Here is the full transcript of educator and health communicator Dr. Laura Jana’s TEDx Talk on 5 Connections That Will Change Children’s Lives at TEDxOmaha conference.
Listen to the MP3 Audio: 5 connections that will change children’s lives by Laura Jana at TEDxOmaha
Dr. Laura Jana – Educator and health communicator
What if despite the back of our intentions, despite all of our business savvy, data-driven technology informed know-how and all that the information age has put at our fingertips, we are nevertheless raising our children to succeed in a world that simply no longer exists.
So this is the question that has led me to conclude that we’ve got some fundamentally important connections to make. But first, let me explain what it was that after 20 years in pediatrics and parenting led me to connect the dots.
It was a couple years ago. I was attending a national conference and I had the chance to chat with a very highly accomplished fellow attendee who graciously offered me a signed copy of his book and casually added, “I’d love to know what you think of it.” So I took him seriously and I read his book and I shared my thoughts, that it read like an insightful parenting book and that it particularly resonated with my own approach to the complicated task of raising productive children in the 21st century.
Now I realize that would be somewhat boring if it weren’t for the part of the story that I left out — that the book’s author was Silicon Valley visionary and LinkedIn co-founder Reed Hoffman. In his book The Start-Up of You, it’s pretty safe to assume has never and will never end up in the parenting section of any bookstore. But the connection between his convictions and mine were striking, so much so that it’s left me with this idea that perhaps what we need is more of a start-up of your baby approach, because while we and many others in the worlds of business, leadership, and innovation are actively identifying the 21st century toolkit of skills that we need to succeed, those of us in the business of raising children to be ready for life adults are the ones responsible for assembling this very same toolkit. We just work further upstream, and in some cases much further, as soon as young as ages 0 to 5 .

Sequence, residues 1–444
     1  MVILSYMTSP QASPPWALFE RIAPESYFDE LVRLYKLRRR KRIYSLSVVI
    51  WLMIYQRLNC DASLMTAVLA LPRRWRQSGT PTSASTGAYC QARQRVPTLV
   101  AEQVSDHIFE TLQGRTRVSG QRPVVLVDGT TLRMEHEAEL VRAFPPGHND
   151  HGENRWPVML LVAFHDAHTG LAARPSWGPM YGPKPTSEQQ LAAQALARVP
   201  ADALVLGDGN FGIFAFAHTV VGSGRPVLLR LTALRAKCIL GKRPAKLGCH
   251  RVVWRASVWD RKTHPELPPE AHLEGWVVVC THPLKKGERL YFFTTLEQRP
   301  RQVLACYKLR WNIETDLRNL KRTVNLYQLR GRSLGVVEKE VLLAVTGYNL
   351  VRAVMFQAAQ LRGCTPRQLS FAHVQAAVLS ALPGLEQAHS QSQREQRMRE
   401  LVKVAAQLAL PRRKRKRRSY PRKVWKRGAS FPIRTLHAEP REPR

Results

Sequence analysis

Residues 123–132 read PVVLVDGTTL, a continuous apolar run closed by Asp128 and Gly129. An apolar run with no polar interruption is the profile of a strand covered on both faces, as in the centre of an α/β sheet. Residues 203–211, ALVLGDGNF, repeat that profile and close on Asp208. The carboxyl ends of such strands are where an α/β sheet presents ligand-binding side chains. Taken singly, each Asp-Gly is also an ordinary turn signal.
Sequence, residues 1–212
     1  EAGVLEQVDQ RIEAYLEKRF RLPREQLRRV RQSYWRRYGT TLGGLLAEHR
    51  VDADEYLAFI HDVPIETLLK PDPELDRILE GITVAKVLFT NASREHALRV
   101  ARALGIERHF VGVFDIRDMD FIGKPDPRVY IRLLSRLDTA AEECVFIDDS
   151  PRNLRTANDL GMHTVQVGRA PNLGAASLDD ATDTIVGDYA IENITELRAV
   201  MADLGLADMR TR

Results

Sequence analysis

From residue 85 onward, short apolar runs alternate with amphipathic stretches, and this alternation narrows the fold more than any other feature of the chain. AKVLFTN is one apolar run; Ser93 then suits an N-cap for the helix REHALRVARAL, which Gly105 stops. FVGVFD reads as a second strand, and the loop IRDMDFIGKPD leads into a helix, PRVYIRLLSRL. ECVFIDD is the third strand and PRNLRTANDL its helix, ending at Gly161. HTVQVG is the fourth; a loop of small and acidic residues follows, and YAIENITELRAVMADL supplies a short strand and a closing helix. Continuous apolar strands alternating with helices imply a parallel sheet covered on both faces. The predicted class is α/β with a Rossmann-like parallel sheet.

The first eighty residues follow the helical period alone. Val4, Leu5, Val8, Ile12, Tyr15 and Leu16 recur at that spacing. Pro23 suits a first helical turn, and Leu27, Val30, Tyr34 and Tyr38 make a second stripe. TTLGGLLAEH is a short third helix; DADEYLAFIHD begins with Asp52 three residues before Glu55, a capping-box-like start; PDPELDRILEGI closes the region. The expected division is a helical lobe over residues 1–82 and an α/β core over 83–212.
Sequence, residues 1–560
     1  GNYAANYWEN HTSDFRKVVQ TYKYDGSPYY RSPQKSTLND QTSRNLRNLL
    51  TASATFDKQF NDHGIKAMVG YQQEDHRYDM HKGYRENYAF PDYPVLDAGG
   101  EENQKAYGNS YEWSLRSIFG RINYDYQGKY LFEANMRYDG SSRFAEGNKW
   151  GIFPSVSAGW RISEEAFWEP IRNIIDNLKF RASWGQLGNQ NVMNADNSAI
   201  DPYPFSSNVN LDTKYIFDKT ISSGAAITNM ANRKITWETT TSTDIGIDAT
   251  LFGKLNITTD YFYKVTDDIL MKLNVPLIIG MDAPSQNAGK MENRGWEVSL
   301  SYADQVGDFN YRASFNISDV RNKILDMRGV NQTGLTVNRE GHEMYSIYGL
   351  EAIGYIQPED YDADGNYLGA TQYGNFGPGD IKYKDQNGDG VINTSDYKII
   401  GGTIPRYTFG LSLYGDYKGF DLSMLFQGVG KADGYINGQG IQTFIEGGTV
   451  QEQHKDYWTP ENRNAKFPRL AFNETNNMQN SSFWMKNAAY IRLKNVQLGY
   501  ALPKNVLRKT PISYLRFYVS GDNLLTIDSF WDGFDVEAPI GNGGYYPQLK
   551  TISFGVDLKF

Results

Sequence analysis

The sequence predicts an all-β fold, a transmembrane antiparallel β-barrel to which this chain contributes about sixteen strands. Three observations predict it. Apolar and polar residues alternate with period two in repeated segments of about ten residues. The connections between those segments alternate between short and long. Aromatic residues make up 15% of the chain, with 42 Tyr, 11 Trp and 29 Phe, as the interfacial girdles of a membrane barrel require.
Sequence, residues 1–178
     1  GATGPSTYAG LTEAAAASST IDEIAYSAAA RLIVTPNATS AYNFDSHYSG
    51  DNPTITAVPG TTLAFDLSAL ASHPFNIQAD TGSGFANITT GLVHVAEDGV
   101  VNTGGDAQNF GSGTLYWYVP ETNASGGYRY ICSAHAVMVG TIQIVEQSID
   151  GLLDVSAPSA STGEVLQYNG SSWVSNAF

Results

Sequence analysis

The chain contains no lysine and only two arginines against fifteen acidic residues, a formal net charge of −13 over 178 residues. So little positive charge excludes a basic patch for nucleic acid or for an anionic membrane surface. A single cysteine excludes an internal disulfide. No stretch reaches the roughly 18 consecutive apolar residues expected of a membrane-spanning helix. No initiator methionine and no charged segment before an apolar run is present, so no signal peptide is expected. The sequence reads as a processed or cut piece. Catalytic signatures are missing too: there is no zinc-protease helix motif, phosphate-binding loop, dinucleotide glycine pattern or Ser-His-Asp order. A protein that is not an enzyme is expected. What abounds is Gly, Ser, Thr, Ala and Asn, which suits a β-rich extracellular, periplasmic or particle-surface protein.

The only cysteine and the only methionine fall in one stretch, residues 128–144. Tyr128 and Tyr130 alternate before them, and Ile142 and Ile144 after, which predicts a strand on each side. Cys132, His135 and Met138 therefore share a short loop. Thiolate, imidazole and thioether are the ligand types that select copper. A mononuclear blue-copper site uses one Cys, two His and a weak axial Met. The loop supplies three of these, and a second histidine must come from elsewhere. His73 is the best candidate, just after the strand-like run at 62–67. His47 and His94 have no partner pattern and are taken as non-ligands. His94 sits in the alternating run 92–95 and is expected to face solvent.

Now for those of you unaccustomed to thinking of ready for life 18 year-olds as the most important product our economy produces, or for that matter, those responsible for raising them as part of a defined sector of the economy, the youth human capital sector in the United States, all told, has now been estimated to be as large as 10.5% of GDP. That would make it 25% larger than the financial sector.
As for conception to age five, an estimated 3% of GDP, that makes it twice the size of the auto industry. And as any critical sector in our economy, the youth human capital sector must adapt our thinking from local and linear to global and exponential, from industrial age to information age. The question, of course, is how. And the answer I believe is in five strategic connections.
First connection: connecting what we do now with what we want later. Now as simple a concept as that may seem, I worry the two have become disconnected in such a pervasive way that we all but systematically had children in one direction and then wonder years later why they didn’t end up headed in the other.